This story was originally posted in the January issue of the Detroit Regional Chamber’s Detroiter magazine. Read more at www.detroitchamber.com/news-media/detroiter-magazine/.
Ann Arbor commuters had good reason to celebrate last Thanksgiving as the orange barrels vanished along a lengthy stretch of US-23 that had been snarled for months by construction. What few drivers likely realize is that the massive project is part of a federally funded pilot program meant to create the highway of the future.
General Motors Chairman and CEO Mary Barra has suggested we will see more change in the automotive industry over the course of the next five years than we have during the last 50. If anything, that is an understatement – and much of the transformation is being shaped here in Michigan.
Let’s lay out the CASE, if you will. That stretch of US-23 will be used to test new connected car technology that will be critical to enabling the autonomous vehicles that could start plying U.S. roads in large numbers early in the coming decade. A new study by the Boston Consulting Group (BCG), meanwhile, predicts that millions of Americans may abandon their private vehicles in favor of ride-sharing services like Uber and Lyft, and that as much as half of the vehicles on the road will, by 2030, be powered by electrified drive trains.
Virtually every aspect of the automobile is in transition, from the way vehicles are designed to the way they are sold. Even the way they look will likely be very different in the not-too distant future. Pure battery-electric vehicles, like the Chevrolet Bolt, put most of their drive train hardware under the floor, so much of the old engine compartment can be used for passengers and cargo, meaning smaller vehicles with bigger cabins. And if you are not driving, why not turn the vehicle into a mobile living room or office?
Without a driver, the cost of a ride with a service like Lyft will drop substantially. So, many people will simply use a smartphone app to summon a vehicle when they need to get somewhere, rather than owning a private vehicle, said Xavier Mosquet, the author of the BCG study and previously head of the consultancy’s Troy office.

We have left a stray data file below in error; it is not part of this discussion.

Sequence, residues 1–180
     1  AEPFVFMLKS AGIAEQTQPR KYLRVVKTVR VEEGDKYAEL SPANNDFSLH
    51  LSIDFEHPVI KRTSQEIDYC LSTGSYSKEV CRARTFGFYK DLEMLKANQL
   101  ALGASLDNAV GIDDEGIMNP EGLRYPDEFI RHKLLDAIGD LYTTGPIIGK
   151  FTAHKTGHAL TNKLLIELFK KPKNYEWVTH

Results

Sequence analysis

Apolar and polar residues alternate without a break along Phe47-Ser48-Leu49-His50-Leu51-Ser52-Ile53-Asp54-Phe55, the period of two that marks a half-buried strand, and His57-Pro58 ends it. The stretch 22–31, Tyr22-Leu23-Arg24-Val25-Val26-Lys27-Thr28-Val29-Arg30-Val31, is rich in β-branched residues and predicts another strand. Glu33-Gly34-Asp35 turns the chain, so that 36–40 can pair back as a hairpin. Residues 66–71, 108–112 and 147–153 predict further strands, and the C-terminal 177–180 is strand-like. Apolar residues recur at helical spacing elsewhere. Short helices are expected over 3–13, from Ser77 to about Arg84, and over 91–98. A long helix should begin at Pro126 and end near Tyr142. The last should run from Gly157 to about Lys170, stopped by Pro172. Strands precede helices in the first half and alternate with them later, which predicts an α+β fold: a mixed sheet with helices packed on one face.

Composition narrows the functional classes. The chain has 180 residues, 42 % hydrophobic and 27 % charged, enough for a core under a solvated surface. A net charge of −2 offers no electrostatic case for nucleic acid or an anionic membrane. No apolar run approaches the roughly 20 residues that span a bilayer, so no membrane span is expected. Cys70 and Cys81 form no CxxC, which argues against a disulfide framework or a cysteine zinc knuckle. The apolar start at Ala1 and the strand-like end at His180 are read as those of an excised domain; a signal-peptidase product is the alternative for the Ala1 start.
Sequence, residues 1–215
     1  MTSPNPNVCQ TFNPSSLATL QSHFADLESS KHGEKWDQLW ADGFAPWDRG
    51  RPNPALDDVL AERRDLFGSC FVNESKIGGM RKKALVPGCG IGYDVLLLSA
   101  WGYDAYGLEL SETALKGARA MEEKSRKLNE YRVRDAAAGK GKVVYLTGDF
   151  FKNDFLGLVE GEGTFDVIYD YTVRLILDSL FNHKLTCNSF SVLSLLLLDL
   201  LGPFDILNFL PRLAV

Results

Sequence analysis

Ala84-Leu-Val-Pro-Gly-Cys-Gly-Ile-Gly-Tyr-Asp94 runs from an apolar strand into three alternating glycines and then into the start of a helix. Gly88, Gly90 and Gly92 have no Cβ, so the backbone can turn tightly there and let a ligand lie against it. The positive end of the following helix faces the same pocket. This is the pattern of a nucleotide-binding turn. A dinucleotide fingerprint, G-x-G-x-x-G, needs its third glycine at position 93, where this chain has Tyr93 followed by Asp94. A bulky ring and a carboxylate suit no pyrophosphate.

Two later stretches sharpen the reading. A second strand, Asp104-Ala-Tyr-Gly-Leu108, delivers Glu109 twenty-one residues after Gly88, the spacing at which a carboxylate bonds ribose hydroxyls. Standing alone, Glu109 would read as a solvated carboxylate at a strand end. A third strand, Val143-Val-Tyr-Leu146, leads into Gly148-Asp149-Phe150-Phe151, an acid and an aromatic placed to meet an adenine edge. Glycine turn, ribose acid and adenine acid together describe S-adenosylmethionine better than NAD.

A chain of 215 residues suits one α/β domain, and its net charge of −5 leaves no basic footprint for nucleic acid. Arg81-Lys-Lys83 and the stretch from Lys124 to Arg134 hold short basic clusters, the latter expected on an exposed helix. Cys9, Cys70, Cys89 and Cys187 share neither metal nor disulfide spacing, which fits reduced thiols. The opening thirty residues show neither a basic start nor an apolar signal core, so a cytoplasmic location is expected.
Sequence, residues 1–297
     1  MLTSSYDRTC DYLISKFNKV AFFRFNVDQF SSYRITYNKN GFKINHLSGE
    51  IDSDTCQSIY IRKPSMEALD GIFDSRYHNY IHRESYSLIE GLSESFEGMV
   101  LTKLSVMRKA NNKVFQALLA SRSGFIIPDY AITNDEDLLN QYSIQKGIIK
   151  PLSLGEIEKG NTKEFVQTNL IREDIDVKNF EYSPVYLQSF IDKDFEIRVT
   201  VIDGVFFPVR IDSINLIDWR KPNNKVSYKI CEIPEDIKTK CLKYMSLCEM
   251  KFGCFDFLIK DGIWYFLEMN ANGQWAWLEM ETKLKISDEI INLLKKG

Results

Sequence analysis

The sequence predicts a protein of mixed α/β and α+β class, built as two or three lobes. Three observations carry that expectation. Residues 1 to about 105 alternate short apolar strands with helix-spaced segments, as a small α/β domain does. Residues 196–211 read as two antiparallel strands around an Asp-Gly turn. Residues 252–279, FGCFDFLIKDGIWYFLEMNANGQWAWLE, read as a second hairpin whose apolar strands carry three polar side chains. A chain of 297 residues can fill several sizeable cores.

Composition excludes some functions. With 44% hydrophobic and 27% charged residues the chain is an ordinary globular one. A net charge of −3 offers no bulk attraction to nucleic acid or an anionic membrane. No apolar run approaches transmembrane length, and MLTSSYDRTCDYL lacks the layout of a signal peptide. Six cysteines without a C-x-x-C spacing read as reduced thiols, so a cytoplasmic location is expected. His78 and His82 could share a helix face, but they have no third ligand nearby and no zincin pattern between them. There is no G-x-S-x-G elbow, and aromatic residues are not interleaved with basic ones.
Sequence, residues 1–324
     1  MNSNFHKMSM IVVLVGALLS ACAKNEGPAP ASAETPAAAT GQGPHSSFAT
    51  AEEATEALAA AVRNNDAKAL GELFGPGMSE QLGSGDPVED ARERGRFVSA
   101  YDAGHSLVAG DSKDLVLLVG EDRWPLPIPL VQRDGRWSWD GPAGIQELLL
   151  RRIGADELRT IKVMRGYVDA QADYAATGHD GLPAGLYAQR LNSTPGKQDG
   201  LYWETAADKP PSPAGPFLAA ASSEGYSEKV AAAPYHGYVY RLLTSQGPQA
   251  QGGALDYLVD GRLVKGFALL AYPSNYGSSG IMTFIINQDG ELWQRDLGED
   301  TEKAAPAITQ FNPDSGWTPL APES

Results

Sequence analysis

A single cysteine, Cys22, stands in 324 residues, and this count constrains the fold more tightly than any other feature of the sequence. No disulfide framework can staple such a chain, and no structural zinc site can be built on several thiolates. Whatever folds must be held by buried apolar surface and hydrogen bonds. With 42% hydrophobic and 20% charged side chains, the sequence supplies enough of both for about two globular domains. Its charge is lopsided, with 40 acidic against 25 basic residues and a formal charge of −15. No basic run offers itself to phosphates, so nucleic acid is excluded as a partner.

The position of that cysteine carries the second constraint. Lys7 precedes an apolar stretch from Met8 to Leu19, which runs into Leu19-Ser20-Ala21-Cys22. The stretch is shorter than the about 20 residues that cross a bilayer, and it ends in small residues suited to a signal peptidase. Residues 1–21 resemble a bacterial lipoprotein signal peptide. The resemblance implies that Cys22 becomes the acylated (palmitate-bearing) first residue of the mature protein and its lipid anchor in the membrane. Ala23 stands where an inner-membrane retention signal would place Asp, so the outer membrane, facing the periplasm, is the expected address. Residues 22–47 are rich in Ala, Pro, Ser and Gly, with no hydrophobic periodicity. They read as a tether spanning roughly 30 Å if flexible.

By connecting those vehicles, they will share information on traffic and weather conditions. And because their cameras, radar and LIDAR sensors do not blink, former National Highway Traffic Safety Administration chief Mark Rosekind is convinced we could see U.S. highway fatalities drop from more than 35,000 in 2016 to zero.
We have not seen this big a transformation since Henry Ford started the first moving assembly line at his Model T plant in Highland Park. And it will not come cheap. Volkswagen recently announced plans to invest more than $40 billion on its autonomous and electrified vehicle research over the next five years. Industry-wide, the figure is expected to run to $100 billion or more. Much of that money is being spent in Southeast Michigan.
Considering the costs and uncertainties, CASE technologies are making for some strange bedfellows. Honda and GM, for example, have formed a partnership to produce hydrogen fuel-cell vehicles. Ford Motor Company and GM have both teamed up with Lyft to test their autonomous vehicles. Ford, Hyundai and Toyota are among those that have pledged millions to complete the American Center for Mobility. Even Waymo, the Google spin-off considered a leader in hands-free technology, has set up a suburban Detroit base.
Who will win the race to develop tomorrow’s connected, autonomous, shared and electrified automobile? It is far from certain. But what does seem clear is that Michigan is coming out on top.